Iran Joins the Worldwide Meatless Monday Movement

February 13th, 2014


ORT-150pxThe increasing trend of meat consumption in Iran and the Middle East is alarming the region’s nutrition and food activists. If consumption keeps accelerating, it could have serious health and environmental impacts on the Iranian population.

Enter Tehran-based Omega Research Team (ORT), which has taken the bold step ofintroducing Meatless Monday to the country. ORT wants to cut down on Iran’s current meat consumption, which is reported to be around 79 lbs per capita, a 60% increase since 2005.

Founded in 2009, ORT is a research-based organization with ties to professors and experts, universities, institutions and societies related to nutrition and food science. ORT collaborates with international and national governmental and private sector agencies. It conducts nutritional studies, holds scientific workshops and aims to improve the understanding of nutrition within the context of functional foods.

ORT’s President Shayan Mohammad Moradi said,

“Meatless Monday is an opportunity for Iranians to join a global movement in a friendly and scientific atmosphere. The benefits for individuals, societies and countries which take part in this movement are promising. The Middle East is facing sharp increases in meat consumption that have the potential to significantly harm our health and the environment. We urge Iranians and our other Middle East neighbors to join the Meatless Monday community for a healthier world.”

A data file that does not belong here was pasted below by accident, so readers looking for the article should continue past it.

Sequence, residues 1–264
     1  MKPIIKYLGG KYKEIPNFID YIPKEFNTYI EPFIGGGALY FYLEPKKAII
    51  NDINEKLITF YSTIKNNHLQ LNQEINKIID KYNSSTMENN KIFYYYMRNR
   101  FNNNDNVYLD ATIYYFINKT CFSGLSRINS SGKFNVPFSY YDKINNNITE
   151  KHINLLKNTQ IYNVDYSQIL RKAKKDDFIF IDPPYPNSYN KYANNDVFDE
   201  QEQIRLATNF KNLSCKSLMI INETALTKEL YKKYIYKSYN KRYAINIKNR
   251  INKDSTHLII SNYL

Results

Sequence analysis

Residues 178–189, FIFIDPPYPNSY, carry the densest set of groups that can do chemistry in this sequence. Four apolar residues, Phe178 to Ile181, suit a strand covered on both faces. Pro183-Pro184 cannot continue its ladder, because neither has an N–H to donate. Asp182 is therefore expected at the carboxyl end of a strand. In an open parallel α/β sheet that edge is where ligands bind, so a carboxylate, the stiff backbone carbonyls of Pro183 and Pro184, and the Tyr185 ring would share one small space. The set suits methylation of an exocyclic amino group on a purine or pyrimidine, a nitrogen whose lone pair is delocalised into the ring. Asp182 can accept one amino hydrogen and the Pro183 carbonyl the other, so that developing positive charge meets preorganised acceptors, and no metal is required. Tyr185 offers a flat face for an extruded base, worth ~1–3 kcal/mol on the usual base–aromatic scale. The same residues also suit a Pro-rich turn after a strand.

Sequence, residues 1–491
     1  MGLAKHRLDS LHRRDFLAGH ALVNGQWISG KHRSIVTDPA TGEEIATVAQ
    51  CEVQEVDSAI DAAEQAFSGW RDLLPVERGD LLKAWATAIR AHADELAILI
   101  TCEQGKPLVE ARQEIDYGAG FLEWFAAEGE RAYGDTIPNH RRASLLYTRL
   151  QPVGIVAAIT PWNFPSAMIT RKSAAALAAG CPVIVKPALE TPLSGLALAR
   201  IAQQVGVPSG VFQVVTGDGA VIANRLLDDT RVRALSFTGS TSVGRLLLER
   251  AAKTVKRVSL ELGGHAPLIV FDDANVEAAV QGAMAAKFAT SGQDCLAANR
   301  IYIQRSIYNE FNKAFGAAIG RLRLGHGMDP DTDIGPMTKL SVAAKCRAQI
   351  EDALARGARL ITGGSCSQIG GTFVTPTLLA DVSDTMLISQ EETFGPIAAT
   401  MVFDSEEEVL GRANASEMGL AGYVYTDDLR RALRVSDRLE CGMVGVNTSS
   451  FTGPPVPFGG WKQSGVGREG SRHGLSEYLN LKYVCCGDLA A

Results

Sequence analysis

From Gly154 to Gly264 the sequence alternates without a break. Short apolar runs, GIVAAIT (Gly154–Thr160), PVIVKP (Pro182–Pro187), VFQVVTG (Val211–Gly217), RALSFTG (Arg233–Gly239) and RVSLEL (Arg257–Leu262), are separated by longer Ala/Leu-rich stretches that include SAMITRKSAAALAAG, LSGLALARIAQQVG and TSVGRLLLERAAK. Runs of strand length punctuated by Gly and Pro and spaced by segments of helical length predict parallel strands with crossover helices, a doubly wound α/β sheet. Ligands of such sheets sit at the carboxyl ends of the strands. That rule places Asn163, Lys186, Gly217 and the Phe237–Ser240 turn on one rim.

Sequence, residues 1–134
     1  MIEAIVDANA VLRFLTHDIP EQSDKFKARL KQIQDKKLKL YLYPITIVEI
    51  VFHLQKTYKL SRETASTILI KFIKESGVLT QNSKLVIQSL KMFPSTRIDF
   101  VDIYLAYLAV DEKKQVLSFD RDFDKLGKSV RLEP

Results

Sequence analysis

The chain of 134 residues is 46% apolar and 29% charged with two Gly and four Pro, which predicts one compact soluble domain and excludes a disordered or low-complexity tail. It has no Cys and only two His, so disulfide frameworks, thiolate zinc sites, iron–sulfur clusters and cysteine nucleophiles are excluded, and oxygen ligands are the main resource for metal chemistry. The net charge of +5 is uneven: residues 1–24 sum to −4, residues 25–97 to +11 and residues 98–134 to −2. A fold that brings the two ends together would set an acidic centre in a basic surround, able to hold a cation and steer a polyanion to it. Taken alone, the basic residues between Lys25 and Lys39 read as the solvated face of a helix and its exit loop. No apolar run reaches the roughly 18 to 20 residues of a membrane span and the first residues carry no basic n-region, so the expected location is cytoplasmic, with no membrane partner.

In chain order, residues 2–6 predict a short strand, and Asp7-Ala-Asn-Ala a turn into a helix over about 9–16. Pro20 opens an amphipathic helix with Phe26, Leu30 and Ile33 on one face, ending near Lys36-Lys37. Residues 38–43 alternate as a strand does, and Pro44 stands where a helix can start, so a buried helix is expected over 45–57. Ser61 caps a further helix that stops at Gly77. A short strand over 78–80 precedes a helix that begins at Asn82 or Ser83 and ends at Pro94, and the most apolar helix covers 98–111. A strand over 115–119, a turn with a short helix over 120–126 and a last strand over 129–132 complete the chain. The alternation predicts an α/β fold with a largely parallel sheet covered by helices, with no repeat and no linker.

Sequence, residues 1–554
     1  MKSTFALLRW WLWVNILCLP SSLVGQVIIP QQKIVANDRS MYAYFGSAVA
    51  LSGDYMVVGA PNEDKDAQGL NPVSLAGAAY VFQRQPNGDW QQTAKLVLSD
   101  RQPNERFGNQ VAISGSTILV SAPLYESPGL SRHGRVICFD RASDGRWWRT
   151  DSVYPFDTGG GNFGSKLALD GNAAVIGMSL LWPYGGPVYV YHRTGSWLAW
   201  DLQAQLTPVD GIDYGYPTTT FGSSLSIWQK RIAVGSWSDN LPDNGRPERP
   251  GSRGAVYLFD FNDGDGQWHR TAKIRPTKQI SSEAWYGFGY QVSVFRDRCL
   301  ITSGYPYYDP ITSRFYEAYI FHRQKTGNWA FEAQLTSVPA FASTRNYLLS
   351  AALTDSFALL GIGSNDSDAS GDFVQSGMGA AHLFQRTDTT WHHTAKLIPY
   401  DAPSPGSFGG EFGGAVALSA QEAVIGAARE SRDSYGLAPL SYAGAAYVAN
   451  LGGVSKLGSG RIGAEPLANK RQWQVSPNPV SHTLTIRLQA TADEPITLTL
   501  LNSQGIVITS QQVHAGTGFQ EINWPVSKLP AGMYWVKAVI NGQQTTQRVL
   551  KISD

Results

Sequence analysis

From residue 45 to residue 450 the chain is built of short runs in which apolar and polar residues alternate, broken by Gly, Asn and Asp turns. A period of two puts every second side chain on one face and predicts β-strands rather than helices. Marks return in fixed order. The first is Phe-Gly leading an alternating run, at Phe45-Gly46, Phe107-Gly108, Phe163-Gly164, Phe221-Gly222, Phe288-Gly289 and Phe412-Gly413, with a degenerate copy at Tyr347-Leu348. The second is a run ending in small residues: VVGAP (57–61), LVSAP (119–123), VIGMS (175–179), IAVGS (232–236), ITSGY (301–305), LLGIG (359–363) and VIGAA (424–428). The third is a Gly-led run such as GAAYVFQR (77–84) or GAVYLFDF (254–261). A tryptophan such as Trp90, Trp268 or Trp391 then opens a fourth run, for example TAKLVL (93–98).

To engage Iranians and Middle Easterners, ORT launched its own Meatless Monday webpage.  It offers information about the campaign, recipes and nutritional FAQs. ORT is also using social media to get its message out about its support of the ever-growing Meatless Monday movement.

Indeed, Meatless Monday has spread across the globe — to more than 25 countries and is enjoying robust support from the various nations’ media, restaurants, hospitals and key influencers.

welcome_iran300px-300x194There are many reasons the movement is crossing boundaries and transcending cultures. One is certainly economic; meat is expensive when compared to the affordability of growing, buying and preparing vegetables. There are environmental issues, like reducinggreenhouse emissions associated with large-scale agricultural farming and the benefit of conserving natural resources like water, grain and fossil fuel. But the primary reason Meatless Monday exports so easily is because the entire movement, since launching a decade ago and spreading across America and the world, remains focused on a single message: this Monday, begin your week by making better choices and eating healthier plant-based foods.

Learn more about the global Meatless Monday Movement.